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When Bennett Miller was just 12, he decided that one day he would turn his hobby of filmmaking into a full-time career.
years later, Miller — the red-hot director of fact-based Hollywood dramas like Capote, Moneyball and the upcoming Foxcatcher, about John du Pont‘s fatal obsession with Olympic wrestler Mark Schulz — found himself living a miserable existence, scraping by making corporate videos and failing to find a way to get his foot in the film industry.
“I realized I was waking up every morning and following the orders of [my 12-year-old self] without reflecting on it too much,” Miller, now 47, told a sold-out audience at a New York Film Festival screening of his first feature, a 1998 documentary called The Cruise. That film, about an eccentric New York tour guide, screened as part of the festival’s Opening Acts series.
That led to a decision in 1994 to give up on a film career and instead devote his life to helping the homeless. “[It] was such a relief,” Miller explained. “To say, ‘I don’t have to do this, I don’t have to keep failing at this.’ It was such a relief to [remove] the weight of ambition and the distortions of your perception of reality that happens when you have a fever for an ambition.”
“I felt so good immediately,” he continued, “that within five or six breaths I was in a whole new mood. I thought, ‘You know what I feel like doing? I feel like making a movie.’”
At the time, Miller had been reading about the new generation of affordable digital cameras, and he was able to track down a prototype of the game-changing Sony VX1000 before it hit the market. He then found a couple in Canada that had developed a dual XLR adapter, which would allow him to plug professional microphones directly into the small, inexpensive camera.
“I wouldn’t need a sound person, I wouldn’t need a [production assistant] and everything I needed to shoot the film fit into a knapsack,” said Miller.
In essence, Miller was four years ahead of the digital revolution that was about to completely change indie and documentary filmmaking. He then wisely zeroed in on a subject he could effectively shoot as a one-man crew. Timothy “Speed” Levitch was a high school classmate of Miller’s younger brother who gave unforgettable bus tours of New York City, veering far off script to offer bewildered tourists a running monologue on the pain and ecstasy of life.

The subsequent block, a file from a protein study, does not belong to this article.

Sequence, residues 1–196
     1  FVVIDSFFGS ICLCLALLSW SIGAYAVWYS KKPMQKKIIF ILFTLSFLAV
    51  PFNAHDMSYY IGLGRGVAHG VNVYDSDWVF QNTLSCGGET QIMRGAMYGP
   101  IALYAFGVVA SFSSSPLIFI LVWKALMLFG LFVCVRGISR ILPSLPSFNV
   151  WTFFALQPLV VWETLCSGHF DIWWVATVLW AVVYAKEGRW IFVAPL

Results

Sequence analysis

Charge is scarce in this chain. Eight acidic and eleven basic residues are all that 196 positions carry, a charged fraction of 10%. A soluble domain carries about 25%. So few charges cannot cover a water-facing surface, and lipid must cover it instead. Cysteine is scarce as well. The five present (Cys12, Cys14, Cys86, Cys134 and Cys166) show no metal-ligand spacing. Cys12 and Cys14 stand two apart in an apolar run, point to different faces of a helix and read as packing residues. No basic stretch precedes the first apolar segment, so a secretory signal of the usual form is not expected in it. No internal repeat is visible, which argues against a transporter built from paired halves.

“He felt like someone who was constitutionally incapable of adapting to conventional living, and I loved that,” recalled Miller. “He was like a 19th Century poet [crossed with] Grover from Sesame Street.”
Looking back, Miller sees how Levitch fits the mold of his future protagonists — all outsiders thrust into worlds where they don’t belong, but who simply refuse to conform.
“That’s Speed, that’s [Truman] Capote in Kansas (Capote), that’s Billy Beane in baseball (Moneyball) — which is like the quintessential story of somebody living a life you don’t belong in — and that’s Foxcatcher.”
Miller followed Levitch around for one summer and shot 77 hours of footage. But in the editing room, he found he had failed to capture the essence of Speed. So Miller waited until the following summer and completely re-shot the film.
“There was a certain amount of self-consciousness on Speed’s part in that first summer,” Miller told The Hollywood Reporter. “Once we were [more] relaxed [the following summer], I was able to capture the little cracks and moments where he lets himself out and you see different levels of Speed.”
Feeling “incredibly nostalgic” after the screening, Miller said he probably would not be a filmmaker today if new digital alternatives hadn’t emerged when they did. “To be perfectly honest, I probably would have let go [of my filmmaking aspirations] because I didn’t see a way,” he said. “There was no route I could find and I had been at it for some years.”
“Somebody asked me if I missed working in this simple, unobstructed way — and I do,” reflected Miller. “I guess I believe that the time is going to come when I return to working really simply. For the moment, I’m in a place where I’m fortunate enough to work in narrative films.”
The New York Film Festival runs from Sept 26 through Oct 12, where Foxcatcher will receive its New York City premiere on Oct 10.
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